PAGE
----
Anchor Books has released the softcover edition of The End as I Know It: A Novel of Millennial Anxiety. It has a great new cover, designed by Helen Yentus.
Look for it at your favorite bookstore. If they don’t have it, ask them what in the world they’re thinking, not carrying this book. But not in a belligerent way. Or you can find it on Amazon.com. And apparently, it’s also available for the Kindle. I’ve never actually seen a Kindle, but someone out there must have themthey’re sold out!
In other news, I had a feature called On This Day Pre-Y2K on this site when the TEAIKI hardcover came out. I stopped maintaining it in May; it was time-consuming, and the material gets rather repetitive after a while. But this past December, as the “pre-Y2K” window approached the Y2K rollover itself, I thought it might be interesting to check in on what some of the “doombrood” were saying immediately prior to the dreaded dateand immediately after, as it became clear that civilization had emerged largely intact. So I added some entries for a few weeks in December 1999 and January 2000. It’s not exactly When Prophecy Fails, but you might find it interesting.
January 12, 2007 10:59 AM |
, Y2K Culture
If someone asked you to write the stupidest possible lead-in to an anecdote about the Rockefellers, do you think you could do better than this?
Long before he became the czar of the breakfast sausage industry, country singer Jimmy Dean eulogized a coal miner in the 1962 chart topper, “Big Bad John.” John was big because, well, he was a big guy. He was bad because he was not to be trifled with and possessed a strength and courage that impressed his co-workers. But there was another John, a real life John, who established a reputation for being both big and bad but decidedly less admirable. This John wasn’t to be trifled with either. In fact, he was every bit as cunning and dangerous as the serpent that once served as the logo for the company he built, Standard Oil.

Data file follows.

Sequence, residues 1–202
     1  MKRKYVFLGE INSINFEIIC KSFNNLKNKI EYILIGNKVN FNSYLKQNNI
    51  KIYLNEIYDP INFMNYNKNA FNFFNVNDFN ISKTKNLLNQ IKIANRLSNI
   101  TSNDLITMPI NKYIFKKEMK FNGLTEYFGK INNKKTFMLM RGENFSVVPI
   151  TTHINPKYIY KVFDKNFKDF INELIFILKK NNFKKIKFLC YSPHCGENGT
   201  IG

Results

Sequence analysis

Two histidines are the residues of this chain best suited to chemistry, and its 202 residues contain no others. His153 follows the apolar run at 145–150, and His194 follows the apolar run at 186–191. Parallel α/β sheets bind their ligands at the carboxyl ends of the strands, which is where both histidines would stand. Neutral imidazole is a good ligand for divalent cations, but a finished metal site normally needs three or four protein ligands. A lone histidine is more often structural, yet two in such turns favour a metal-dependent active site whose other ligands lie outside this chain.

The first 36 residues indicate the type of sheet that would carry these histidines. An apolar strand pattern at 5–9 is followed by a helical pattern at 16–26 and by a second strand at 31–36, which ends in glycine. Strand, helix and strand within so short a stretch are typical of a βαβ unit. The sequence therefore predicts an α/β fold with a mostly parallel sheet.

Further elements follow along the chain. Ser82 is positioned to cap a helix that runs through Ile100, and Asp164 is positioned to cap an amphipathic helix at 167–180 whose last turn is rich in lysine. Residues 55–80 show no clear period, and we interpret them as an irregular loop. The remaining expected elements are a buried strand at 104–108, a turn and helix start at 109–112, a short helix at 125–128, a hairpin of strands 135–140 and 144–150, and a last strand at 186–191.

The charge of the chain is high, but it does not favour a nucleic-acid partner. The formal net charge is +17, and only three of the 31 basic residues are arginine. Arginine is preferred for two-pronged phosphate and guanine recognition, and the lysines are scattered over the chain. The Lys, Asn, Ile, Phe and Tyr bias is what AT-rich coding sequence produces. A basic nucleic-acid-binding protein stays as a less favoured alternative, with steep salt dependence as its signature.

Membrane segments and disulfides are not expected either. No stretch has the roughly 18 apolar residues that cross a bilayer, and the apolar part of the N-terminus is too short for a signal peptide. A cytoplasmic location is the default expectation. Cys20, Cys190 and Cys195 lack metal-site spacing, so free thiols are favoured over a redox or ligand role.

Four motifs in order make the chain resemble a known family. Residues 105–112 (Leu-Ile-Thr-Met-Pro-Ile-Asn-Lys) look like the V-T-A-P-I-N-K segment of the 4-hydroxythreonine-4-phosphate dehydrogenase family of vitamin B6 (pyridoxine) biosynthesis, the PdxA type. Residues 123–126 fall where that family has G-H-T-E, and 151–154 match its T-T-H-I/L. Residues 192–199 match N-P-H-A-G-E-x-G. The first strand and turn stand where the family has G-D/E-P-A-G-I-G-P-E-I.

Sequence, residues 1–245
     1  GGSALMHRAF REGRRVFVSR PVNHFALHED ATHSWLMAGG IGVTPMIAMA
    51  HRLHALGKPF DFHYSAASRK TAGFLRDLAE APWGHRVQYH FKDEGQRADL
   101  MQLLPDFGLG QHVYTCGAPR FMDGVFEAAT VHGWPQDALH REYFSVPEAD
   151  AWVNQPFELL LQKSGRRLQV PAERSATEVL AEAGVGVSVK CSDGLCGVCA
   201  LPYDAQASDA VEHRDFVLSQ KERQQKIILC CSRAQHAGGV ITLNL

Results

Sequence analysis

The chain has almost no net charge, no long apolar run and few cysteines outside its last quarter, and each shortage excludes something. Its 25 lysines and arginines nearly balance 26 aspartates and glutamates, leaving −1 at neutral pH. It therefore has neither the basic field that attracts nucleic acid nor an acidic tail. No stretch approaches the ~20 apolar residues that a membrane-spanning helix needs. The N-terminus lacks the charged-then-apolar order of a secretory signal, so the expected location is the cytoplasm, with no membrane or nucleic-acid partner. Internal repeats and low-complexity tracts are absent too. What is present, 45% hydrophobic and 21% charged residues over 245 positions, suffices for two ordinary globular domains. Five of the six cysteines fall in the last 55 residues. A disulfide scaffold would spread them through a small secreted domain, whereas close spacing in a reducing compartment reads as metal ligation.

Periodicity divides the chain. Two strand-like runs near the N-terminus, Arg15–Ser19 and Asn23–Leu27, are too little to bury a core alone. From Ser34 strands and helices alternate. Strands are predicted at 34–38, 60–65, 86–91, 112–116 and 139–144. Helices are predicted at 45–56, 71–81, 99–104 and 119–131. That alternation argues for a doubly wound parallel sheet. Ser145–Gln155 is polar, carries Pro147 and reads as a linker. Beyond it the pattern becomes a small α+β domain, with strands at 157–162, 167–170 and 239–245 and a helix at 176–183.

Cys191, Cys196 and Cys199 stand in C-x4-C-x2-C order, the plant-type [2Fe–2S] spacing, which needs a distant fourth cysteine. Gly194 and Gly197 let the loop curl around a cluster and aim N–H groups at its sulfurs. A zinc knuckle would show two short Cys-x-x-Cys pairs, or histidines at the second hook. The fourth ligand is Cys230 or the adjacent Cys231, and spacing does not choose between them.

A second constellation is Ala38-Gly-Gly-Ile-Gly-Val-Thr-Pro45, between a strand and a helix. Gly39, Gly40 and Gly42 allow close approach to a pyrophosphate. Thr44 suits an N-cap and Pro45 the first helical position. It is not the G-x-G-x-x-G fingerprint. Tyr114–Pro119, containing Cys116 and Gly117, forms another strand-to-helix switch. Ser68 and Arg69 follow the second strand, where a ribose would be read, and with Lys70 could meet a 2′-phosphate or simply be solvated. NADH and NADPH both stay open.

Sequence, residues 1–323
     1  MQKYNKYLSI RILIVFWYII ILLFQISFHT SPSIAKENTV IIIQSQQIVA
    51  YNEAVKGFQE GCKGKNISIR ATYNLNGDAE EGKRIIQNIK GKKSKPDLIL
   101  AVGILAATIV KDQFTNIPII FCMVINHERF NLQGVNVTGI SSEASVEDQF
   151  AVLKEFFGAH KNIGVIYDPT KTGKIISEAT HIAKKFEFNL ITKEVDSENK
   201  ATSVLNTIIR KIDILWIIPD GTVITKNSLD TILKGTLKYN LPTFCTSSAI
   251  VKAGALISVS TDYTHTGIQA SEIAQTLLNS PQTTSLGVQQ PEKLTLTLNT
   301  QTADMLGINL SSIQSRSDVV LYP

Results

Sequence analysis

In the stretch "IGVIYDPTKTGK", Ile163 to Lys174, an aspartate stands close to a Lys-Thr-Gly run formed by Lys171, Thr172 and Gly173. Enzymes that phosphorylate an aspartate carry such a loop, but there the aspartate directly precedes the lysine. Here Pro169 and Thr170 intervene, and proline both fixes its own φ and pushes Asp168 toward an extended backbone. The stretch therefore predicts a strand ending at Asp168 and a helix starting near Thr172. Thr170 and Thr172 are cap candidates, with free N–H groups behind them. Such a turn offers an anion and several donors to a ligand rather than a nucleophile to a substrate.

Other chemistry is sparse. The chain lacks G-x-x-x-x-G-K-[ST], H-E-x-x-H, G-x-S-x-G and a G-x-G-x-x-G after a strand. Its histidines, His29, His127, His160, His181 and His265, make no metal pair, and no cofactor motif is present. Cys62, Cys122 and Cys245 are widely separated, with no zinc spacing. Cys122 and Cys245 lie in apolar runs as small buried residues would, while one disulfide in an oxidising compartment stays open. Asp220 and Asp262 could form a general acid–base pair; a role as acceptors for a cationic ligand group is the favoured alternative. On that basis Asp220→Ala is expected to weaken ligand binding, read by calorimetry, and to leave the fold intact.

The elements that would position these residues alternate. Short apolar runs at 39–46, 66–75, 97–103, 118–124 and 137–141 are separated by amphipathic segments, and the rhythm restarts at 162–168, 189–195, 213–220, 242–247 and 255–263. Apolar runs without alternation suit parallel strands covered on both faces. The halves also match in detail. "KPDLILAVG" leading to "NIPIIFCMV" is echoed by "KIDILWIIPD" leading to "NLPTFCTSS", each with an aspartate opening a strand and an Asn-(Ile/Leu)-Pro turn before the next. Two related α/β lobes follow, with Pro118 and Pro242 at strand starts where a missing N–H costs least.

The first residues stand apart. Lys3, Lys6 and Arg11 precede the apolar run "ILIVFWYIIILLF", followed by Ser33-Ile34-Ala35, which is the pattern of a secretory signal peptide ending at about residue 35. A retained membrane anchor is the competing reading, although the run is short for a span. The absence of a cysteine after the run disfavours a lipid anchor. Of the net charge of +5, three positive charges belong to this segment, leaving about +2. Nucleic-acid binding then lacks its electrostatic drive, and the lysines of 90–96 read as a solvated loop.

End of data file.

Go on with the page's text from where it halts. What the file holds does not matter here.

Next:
Big Bad John D. Rockefeller was not a lowly coal miner. He was America’s first billionaire...
That’s from Chapter 7 of Surviving Y2K.
I like to think I could make this stuff up, but fortunately I don’t need to try.
In the 1999-vintage material I’ve been posting to On This Day Pre-Y2K, and in The End as I Know It, you’ll find a number of terms and names that were part of the everyday vocabulary of the Y2K subculture, but whose meaning probably won’t be clear to anyone who wasn’t involved in the online anxiety of that period. So I’ve compiled a Y2K Glossary.
I won’t have time to go through each OTDPY2K item and asterisk the occurrences of these terms, but if you come across something that needs explanation and isn’t already included here, please post a comment below or email me. Also feel free to speak up if you think a particular definition needs correction or expansion.
January 5, 2007 1:32 PM |
One of today’s posts from On This Day Pre-Y2K uses a term that most of you are probably unfamiliar with. What are “JA effects”?
Many of those who predicted Y2K-based doom did not believe the catastrophe would hold off until the year 2000. Computer systems were supposed to begin failing in 1999, leading to mass panic.
In April of 1998, one Jo Anne Slaven pointed out on the newsgroup comp.software.year-2000 that non-Y2K-compliant accounting sofware faced potential problems at the beginning of an organization’s fiscal year preceding calendar year 2000, because “when a new fiscal year starts, the system has to know what the last day of the fiscal year will be. For a fiscal year beginning on, say, April 1, 1999, there will be 12 monthly accounting periods it will have to recognize. April 30, 1999 up to March 31, 2000.”
In addition to all the book-related information you’d expect to find on an author’s site, kshay.com has a special section I’d like to highlight.
The End as I Know It is set in 1998, and it’s about a young man plagued by obsessive fear of the Y2K computer bug. Much of his paranoia stems from his immersion in the online Y2K community. To give readers and prospective readers a non-fictionalized look at what that community was like during the timeframe of the novel, I’ve created (and solemnly vow to keep updating) On This Day Pre-Y2K.
The quotations you’ll find there will be drawn from a variety of sources, but primarily from three.